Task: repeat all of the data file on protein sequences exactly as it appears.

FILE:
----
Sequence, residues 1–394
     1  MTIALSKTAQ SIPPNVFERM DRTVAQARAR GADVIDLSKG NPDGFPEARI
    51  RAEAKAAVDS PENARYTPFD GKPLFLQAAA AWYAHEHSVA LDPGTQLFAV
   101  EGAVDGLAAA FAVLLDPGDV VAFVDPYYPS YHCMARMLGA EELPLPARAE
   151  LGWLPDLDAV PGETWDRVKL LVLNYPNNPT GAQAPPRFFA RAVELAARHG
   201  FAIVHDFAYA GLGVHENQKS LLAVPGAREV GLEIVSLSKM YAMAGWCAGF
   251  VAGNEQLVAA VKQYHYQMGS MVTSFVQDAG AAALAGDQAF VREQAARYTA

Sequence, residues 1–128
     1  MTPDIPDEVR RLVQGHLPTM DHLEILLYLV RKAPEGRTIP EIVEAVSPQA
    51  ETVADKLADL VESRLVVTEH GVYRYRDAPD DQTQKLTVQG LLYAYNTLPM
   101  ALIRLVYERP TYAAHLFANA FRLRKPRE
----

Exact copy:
Sequence, residues 1–394
     1  MTIALSKTAQ SIPPNVFERM DRTVAQARAR GADVIDLSKG NPDGFPEARI
    51  RAEAKAAVDS PENARYTPFD GKPLFLQAAA AWYAHEHSVA LDPGTQLFAV
   101  EGAVDGLAAA FAVLLDPGDV VAFVDPYYPS YHCMARMLGA EELPLPARAE
   151  LGWLPDLDAV PGETWDRVKL LVLNYPNNPT GAQAPPRFFA RAVELAARHG
   201  FAIVHDFAYA GLGVHENQKS LLAVPGAREV GLEIVSLSKM YAMAGWCAGF
   251  VAGNEQLVAA VKQYHYQMGS MVTSFVQDAG AAALAGDQAF VREQAARYTA

Sequence, residues 1–128
     1  MTPDIPDEVR RLVQGHLPTM DHLEILLYLV RKAPEGRTIP EIVEAVSPQA
    51  ETVADKLADL VESRLVVTEH GVYRYRDAPD DQTQKLTVQG LLYAYNTLPM
   101  ALIRLVYERP TYAAHLFANA FRLRKPRE